He often walks the mean streets… of upmarket Encino and Sherman Oaks. He can’t always tell a femme fatale without a background check and tracking device. He packs heat – when he can remember to get his gun out of storage. And – get this – his name is Junior. But he’s Chandleresque enough to crack wise at the drop of glock, or solve a murder – armed with an arsenal of strained similes – with more twists and turns than the Grapevine to Gorman.
Or two murders at the same time, for that matter. And that’s indeed the matter in Timothy Hallinan’s comically hardboiled though often convoluted Little Elvises, the second entry in the Junior Bender Series (after 2010’s Crashed). Junior is an adept and never-busted burglar who rubs elbows with those on the other side of the law, but he’s also “the crook’s cop” (“it’s a sideline, sort of”), a burglar who’s a troubleshooter and investigator for L.A.’s unjustly accused criminal kind when they’re caught in a trap and they can’t walk out.
In Little Elvises Junior himself is ensnared time and again by a troupe of secondary characters as colorful as anything to be found in the pages of a Hammett or Hiaasen novel, an ensemble that includes a sociopathic, morbidly obese borderline bedlamite for a hit man; a scorekeeping, ninety-something mob boss emeritus; a scheming scandal rag reporter intent on ill-gotten extravagance; and – perhaps most confounding of all – an ex he still covets and his precocious 13-year old daughter and unofficial on-call consultant for all things technological, though she “hasn’t hit the stage yet where the entire world seems like a personal imposition.”
Junior may need such expertise at this time, now that he’s being set-up by one of LAPD’s less-than-finest for forcing his way into a judge’s house, beating his wife, and stealing their jade collection, unless Junior finds a way to get the cop’s aging music mogul uncle out of a murder rap for the killing a tabloid reporter. As a Philadelphia record producer in the late 1950s and early ’60s, the uncle made a fortune by signing up several untalented but attractive young men, getting them to look, lip-synch, and snarl like Elvis Presley, and preparing them for their pretty boy close-ups for a nation full of enthusiastic teenage girls.
Cue the love interest as the comely if eccentric widow of the late journalist – the latter something of a scoundrel, it turns out – warms up merrily to Junior, while he warily reciprocates. After all, she’s a bit of an unknown entity in the midst of trouble-tossed circumstances, and he’s preoccupied with his investigation. Which might get a little sidetracked from time to time: Things get a little more complicated when Bender’s boozehound landlady implores him to look into the disappearance of her daughter. At this point, Junior may as well quit his day job for a while – with his new schedule, he’d be lucky to be able to steal a few minutes for a nap now and then.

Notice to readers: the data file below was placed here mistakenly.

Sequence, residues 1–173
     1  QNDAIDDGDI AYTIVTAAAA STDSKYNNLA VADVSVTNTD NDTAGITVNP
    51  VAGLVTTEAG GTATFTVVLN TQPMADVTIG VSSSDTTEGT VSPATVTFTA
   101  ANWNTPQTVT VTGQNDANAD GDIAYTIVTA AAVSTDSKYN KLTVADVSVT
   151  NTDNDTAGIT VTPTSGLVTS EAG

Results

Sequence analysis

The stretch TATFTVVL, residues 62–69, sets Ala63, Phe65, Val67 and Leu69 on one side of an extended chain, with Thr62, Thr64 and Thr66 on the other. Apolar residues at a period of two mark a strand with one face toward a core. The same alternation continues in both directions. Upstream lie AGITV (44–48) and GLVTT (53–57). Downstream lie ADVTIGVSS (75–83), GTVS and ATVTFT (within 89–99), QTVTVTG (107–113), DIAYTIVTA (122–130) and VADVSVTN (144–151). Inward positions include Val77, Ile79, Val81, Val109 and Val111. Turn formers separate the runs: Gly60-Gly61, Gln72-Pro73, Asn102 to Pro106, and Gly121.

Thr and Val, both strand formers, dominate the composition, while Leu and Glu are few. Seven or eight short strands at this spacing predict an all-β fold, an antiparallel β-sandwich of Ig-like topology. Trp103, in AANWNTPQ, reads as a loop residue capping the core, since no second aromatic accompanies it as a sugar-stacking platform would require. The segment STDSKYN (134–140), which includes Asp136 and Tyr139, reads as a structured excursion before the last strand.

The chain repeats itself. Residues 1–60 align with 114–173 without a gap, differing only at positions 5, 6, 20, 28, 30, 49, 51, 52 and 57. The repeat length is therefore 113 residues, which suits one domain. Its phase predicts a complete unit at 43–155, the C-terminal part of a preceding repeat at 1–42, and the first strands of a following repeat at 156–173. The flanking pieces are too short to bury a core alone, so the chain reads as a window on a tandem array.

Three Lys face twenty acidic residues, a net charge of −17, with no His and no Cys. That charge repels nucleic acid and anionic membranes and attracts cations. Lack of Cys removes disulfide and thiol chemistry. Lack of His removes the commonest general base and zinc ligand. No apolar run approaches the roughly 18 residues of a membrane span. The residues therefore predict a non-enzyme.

Indeed, the plot thickens as the pace quickens in this rewarding if off-kilter crime caper. Little Elvises’ twists and turns have their own twists and turns – hairpin turns – as the narrative careens at hazardously high speeds through circuitous story arcs and screwball scenarios all over the map (well, mostly back and forth “over the hill” between Hollywood and the San Fernando Valley). Reading along gets to be a whiplash of a challenge, but it’s well worth hanging on, cliffhangers and all. Along the way Hallinan’s tossing out more than the odd bon mot and witty quip; he captures the SoCal milieu perfectly and impeccably. As illustrated in his take on the modern obsession with plastic surgery and botoxicated makeovers, Hallinan asserts that one such dupe may even “had surgery on her vowels, which sounded like she’s spent her childhood as a prisoner in a BBC serial before escaping to Brooklyn.” In any case, her facial restructuring suggests a one-step-forward, two-steps-back course of inaction:
“Melissa Simmons spent a fortune on not aging, and she hadn’t. Instead of moving forward with the rest of us, towed in the wake of time’s arrow, she’d gone sideways, into a parallel universe where people’s faces morphed monthly, lips plumping, cheekbones swelling, chins clefting, noses shrinking, muscles relaxing to the point of paralysis, neck skin stretching as tight as a drumhead.”
Of course, not all that Junior Bender says and does – like his off-the-cuff approach to life and crime – is meant as a glib dismissal or designed to savage social and personal absurdities. In one exchange with his daughter – the one person, despite their breezy repartee, with whom he shares the most abiding and genuine relationship – she asks him why he lives like he does. At the time he laughs it off with a joke, but Hallinan makes us feel assured that one day Bender will let her in on the real and more deeply-seated reasons, the ones that allow him to admit that “I liked to flip coins, I liked not knowing whether I’d win or lose, and I liked it when the stakes were high.” Furthermore, he says, “I liked stepping into the maze of a puzzle … not knowing whether there was a Minotaur inside.”
That’s enough to keep me going for more – for Junior Bender #3 (out in July), and probably #4 and beyond: I like puzzles, too, and I’m just as curious about that Minotaur.